The half term week has flown by, as it always does. All those good resolutions about how much I’d get done….. oh well! At least I’ve spent some quality time with my mother, my PhD and catching up with current and former colleagues, and some OU friends.
It’s also given me a little more time to read the news. I was glad to see the call for Sex and Relationships Education to be made mandatory – giving young people the appropriate information is vitally important in safeguarding them, and in enabling them, at the appropriate age, to form healthy relationships themselves.
I am much less happy to see that the option for parents to withdraw their children from such lessons remains. We don’t allow parents to decide that their children don’t need to learn mathematics or English or science – why is this different? The kids whose parents have the mentality of it being somehow “bad” for them to be aware of how they came into the world, or to know the names of parts of their bodies and some of their functions, are almost certainly the ones who are most desperately in need of the lessons. Sadly, there do exist children in homes where abusive behaviour is the norm, or where women are seen as second class citizens, or where they are encouraged to despise and condemn those who are different (be that difference sexual orientation, colour, religion or something else). We owe it to such children to help them grow beyond their family environment, not to collaborate in their confinement by it. And whilst I would defend anyone’s right to practise their own beliefs (be they religious or secular), provided they do not involve harming or being hateful towards others, I do not buy into the idea that parents have the right to attempt to dictate their child’s beliefs by preventing them from hearing alternatives. I find it a bit strange that people are OK about this with religion, but not other belief systems; I doubt anyone would approve if my parents had attempted to “make” me become a left wing vegetarian atheist in keeping with their views, but it’s seen as normal for, say, a fundamentalist Christian to do their best to make their child follow in their beliefs, and a big deal for the child to “rebel”.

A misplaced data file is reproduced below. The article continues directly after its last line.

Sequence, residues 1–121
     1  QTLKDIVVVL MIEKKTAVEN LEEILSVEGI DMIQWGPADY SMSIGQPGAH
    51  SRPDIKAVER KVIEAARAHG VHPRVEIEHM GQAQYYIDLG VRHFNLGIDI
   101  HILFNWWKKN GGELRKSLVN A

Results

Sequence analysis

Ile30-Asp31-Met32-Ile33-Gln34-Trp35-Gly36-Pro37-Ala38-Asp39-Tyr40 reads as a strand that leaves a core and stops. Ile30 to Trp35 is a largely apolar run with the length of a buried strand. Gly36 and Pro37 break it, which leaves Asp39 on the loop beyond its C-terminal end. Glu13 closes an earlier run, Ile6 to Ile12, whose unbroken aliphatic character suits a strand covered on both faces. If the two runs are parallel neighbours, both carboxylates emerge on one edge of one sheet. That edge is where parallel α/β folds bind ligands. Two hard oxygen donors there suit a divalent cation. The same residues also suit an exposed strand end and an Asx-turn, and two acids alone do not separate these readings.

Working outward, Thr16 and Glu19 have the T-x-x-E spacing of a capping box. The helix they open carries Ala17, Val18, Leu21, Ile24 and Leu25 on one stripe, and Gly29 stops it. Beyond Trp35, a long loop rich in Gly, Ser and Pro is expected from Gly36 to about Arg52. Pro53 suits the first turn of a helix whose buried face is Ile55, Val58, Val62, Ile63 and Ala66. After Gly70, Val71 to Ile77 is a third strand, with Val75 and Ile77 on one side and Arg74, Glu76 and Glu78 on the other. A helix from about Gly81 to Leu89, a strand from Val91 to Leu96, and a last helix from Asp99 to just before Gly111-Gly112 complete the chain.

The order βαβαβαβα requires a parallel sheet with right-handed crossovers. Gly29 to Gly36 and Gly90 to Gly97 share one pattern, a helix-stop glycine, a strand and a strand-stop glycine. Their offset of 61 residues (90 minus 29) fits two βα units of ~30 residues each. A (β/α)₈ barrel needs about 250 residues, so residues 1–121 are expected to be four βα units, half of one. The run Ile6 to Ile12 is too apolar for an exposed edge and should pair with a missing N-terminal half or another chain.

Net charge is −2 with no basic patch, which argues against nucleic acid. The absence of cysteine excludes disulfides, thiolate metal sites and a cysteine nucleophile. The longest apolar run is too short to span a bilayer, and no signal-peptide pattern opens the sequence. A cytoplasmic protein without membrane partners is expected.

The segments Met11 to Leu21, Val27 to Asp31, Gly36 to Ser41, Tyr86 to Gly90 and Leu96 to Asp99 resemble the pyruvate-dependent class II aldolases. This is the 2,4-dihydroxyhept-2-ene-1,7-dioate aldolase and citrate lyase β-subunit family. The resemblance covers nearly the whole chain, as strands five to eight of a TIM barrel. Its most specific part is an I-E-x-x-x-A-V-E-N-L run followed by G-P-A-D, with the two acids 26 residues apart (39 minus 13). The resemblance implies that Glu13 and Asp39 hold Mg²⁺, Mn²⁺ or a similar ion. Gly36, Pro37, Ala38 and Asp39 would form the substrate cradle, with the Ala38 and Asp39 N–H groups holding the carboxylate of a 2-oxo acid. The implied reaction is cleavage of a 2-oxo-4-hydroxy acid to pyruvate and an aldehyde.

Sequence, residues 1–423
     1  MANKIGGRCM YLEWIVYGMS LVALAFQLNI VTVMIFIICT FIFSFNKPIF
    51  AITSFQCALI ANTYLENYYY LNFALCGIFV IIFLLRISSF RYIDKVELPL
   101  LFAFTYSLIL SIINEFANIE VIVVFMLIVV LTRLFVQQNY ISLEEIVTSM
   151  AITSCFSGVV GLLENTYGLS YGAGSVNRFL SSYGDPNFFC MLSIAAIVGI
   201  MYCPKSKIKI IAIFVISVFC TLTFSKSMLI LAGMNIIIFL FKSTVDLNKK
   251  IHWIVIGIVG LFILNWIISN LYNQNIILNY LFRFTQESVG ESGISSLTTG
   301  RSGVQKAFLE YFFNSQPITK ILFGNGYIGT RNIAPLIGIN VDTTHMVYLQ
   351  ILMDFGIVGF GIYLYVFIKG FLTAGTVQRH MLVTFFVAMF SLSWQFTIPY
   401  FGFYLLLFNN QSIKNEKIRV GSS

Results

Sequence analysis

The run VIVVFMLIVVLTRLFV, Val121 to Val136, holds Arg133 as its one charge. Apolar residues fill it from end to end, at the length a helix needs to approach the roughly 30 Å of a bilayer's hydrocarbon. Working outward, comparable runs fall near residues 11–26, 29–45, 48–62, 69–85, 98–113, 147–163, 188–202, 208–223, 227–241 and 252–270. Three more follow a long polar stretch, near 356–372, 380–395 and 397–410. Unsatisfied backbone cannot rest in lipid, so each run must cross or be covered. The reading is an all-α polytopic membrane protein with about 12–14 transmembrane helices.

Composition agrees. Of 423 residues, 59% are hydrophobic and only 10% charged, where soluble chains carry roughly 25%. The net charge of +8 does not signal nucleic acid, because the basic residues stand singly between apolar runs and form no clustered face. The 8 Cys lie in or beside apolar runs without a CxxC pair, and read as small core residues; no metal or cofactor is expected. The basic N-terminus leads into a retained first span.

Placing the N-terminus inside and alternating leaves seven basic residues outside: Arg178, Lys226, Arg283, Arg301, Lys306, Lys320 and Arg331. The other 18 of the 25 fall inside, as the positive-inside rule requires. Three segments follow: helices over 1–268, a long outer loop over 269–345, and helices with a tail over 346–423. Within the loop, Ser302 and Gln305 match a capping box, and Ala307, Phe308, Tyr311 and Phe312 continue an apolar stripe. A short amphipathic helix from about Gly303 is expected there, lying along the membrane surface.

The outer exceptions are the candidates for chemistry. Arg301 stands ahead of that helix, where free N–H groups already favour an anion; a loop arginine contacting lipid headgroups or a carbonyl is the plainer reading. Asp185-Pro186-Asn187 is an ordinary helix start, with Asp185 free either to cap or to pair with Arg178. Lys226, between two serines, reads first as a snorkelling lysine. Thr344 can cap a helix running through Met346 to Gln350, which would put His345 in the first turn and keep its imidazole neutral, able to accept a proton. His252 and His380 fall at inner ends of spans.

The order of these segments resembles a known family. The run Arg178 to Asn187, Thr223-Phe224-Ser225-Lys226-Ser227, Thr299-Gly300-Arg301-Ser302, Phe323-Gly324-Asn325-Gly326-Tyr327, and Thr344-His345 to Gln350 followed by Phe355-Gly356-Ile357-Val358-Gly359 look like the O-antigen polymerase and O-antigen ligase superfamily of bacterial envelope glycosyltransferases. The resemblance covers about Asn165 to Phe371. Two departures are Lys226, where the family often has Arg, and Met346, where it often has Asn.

I was also interested to read about Labour’s manifesto plan to cut university tuition fees. Now, I am no fan of the current fees – the impacts have been massive and wide-ranging, from (close to home, for me) the big effect on many of the OU’s students who cannot get a loan due to already having a degree, to the increased pressure on universities to abandon educational principles in the interests of keeping students happy by providing “value for money”, to the pressure on students to take high-earning jobs even if they would prefer more socially useful ones, to the psychologically off-putting effect on those from a non-traditional background.
But…. I don’t see there’s much clarity on where that money is coming from. The universities are not, generally, rolling in it or extravagant – they can’t make those sorts of savings without seriously compromising the “service”. If the universities are not to suffer, the money must be coming from taxation, somehow. Now no-one would be happier than me if an incoming government introduced a higher tax band for the top earners, or succeeded in extracting cash from tax-avoiding corporations – but I somehow suspect that they will not be the targets – a graduate tax, or even moving money from elsewhere in education, seem more likely. There are undoubtedly savings to be made from inefficiencies in the current system, but would they really cover a third of the current costs at most universities? If they have found a good source of money, I actually think there might be a case for doing something about the maintenance grant first, anyway; people often forget that the tuition fees pay for just that – tuition – the student still has to live somewhere, and eat, and the provision there is woefully inadequate for those who cannot rely on the bank of mum and dad.